of forest, respectively. Three Alaska ecoregion sections had moderately high density of forest fire occurrences: M139B-Olgivie Mountains, 135A-Copper River Basin, and M131C-Kuskowkim Mountains.

While summarizing fire occurrence data at the ecoregion scale allows for the summary of fire density over time in a relatively large geographic area, a geographical hot spot analysis can offer insights into where fire occurrences are concentrated at a finer scale during a given length of time. Analyses of MODIS Active Fire data from previous years (Potter 2012a, Potter 2012b) indicated that geographical hot spots of fire occurrence density were limited almost entirely to the Pacific Coast, the Rocky Mountains, and the Southeastern Coastal

Plain. In 2009, however, no hot spots existed in the Rocky Mountains, although hot spots were concentrated in Southern California and were scattered across the Southeastern Coastal Plain (fig. 3.4). Unlike previous years, which each encompassed at least one high-density geographic hot spot, the highest-density hot spots in 2009 were only moderately so. These hot spots were located in ecoregion sections 261B-Southern California Coast, M262B-Southern California Mountain and Valley, 261A-Central California Coast, and M262A-Central California Coastal Ranges. This pattern suggests that fires in 2009 were more evenly distributed across the conterminous United States, with slightly higher concentrations in a few areas.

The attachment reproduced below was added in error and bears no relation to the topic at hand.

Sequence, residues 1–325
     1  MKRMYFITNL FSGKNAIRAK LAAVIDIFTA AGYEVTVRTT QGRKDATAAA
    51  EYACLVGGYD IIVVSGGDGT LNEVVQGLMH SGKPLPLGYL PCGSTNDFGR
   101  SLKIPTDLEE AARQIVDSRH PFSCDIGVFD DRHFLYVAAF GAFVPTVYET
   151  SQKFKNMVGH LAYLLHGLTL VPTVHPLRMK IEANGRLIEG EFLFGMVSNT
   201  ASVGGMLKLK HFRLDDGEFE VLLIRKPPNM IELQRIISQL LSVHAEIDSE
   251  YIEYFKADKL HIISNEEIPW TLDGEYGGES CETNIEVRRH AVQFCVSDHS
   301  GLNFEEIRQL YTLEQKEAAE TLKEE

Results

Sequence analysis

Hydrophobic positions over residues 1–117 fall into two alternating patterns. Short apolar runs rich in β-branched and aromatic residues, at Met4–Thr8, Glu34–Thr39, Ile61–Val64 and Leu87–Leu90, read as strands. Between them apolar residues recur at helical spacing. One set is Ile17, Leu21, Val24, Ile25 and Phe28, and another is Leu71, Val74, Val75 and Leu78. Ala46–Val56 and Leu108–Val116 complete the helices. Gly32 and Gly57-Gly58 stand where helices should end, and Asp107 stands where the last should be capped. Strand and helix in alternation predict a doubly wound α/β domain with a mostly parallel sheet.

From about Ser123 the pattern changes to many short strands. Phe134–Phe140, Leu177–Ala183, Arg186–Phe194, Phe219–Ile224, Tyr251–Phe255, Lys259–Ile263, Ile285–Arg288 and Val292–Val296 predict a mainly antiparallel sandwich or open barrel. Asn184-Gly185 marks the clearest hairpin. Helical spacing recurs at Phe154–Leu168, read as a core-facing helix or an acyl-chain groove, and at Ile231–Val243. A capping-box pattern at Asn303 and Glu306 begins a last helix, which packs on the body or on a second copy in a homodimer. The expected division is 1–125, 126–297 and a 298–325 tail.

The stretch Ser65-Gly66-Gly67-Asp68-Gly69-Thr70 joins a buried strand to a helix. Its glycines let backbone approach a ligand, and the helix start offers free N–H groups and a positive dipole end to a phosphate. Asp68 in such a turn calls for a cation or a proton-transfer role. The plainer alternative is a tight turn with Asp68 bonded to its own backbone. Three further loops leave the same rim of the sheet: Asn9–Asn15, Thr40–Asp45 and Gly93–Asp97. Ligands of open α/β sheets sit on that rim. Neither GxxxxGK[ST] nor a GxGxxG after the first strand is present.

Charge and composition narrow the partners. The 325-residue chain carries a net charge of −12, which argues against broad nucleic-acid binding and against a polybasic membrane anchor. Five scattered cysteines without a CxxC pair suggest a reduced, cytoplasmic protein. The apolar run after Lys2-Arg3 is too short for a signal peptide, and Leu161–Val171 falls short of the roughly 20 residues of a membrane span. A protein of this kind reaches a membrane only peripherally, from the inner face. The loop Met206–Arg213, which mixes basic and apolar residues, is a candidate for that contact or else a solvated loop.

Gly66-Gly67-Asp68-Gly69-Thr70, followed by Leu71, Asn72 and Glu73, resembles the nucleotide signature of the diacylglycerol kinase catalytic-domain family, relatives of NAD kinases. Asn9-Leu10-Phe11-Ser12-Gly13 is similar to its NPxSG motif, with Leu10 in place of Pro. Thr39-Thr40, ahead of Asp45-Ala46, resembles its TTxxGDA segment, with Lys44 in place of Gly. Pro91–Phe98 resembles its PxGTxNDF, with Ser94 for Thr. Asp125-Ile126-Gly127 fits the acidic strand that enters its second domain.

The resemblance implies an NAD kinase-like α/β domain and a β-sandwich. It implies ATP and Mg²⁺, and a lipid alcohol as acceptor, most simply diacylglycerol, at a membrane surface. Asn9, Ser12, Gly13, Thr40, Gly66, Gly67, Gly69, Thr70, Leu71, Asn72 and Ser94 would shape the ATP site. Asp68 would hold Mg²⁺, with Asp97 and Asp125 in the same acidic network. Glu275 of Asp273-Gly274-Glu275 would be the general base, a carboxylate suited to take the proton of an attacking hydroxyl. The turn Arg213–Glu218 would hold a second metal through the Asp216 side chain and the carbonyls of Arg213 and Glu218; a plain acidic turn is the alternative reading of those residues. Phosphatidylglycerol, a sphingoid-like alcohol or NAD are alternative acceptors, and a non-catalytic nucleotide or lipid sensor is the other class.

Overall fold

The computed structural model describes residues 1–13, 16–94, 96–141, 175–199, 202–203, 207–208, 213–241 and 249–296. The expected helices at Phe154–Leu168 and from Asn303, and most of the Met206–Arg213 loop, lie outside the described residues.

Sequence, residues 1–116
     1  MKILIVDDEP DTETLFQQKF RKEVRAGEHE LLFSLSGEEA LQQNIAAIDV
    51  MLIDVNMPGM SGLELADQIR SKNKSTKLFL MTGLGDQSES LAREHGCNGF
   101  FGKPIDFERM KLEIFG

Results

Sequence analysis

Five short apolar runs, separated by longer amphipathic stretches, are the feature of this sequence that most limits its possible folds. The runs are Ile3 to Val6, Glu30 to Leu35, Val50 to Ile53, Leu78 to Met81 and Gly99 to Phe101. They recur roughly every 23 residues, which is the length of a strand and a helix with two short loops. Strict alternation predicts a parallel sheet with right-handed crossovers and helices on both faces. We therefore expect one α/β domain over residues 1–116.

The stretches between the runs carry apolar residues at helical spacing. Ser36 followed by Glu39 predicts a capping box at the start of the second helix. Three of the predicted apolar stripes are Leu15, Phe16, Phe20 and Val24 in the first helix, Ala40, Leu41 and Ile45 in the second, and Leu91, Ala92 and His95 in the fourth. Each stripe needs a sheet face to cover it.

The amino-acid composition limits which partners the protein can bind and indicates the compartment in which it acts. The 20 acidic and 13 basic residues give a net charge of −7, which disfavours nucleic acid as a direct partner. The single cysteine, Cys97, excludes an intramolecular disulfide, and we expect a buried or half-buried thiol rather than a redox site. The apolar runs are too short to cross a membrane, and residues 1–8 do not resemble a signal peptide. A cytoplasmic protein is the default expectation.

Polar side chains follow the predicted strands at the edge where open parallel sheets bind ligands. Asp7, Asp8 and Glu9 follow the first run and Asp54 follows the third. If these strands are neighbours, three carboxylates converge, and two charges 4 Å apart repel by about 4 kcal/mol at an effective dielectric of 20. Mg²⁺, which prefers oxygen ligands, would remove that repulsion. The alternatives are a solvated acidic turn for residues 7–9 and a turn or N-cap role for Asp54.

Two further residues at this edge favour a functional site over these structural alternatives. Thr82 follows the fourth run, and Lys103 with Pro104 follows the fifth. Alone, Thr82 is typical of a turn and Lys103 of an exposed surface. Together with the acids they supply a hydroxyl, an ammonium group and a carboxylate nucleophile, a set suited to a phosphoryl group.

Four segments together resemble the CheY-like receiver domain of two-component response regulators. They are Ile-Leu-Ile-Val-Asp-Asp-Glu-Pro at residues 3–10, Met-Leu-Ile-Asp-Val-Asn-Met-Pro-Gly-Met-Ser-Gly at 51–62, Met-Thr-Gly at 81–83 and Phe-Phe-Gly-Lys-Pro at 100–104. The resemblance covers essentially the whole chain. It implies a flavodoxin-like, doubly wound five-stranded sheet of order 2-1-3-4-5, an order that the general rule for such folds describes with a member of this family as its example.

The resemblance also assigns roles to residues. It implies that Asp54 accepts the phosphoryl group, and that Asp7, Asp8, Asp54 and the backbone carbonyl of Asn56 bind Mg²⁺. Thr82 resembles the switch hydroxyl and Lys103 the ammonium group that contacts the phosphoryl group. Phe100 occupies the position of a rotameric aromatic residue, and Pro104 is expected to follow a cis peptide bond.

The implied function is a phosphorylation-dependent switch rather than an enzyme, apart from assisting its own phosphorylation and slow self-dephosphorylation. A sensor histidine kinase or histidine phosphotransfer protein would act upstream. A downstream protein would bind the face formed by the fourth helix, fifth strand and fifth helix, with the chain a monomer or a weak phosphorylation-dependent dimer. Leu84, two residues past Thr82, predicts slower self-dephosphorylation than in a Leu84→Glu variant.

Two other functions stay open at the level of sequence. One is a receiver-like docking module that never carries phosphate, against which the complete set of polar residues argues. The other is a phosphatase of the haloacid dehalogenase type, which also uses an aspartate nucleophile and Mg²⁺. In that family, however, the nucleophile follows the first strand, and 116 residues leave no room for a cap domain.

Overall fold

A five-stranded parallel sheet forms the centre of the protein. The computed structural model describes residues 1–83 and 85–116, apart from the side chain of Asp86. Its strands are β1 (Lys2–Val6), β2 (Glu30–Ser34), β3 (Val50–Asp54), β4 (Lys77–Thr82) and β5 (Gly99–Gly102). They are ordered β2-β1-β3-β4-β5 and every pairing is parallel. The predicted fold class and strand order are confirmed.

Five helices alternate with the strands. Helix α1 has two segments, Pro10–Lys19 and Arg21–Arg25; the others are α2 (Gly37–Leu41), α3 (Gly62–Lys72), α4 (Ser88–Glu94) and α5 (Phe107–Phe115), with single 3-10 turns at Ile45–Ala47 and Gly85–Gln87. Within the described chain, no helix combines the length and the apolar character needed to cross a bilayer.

These lower-density hot spots included these ecoregion sections:

• M261E-Sierra Nevada and M261F-Sierra Nevada Foothills of California

• M242B-Western Cascades and M242C-Eastern Cascades of southern Oregon • M341C-Utah High Plateau and

341F-Southeastern Great Basin of southwestern Utah

• M313A-White Mountains-San Francisco Peaks-Mogollon Rim, 313C-Tonto Transition, and 313D-Painted Desert and 313A-Grand Canyon of Arizona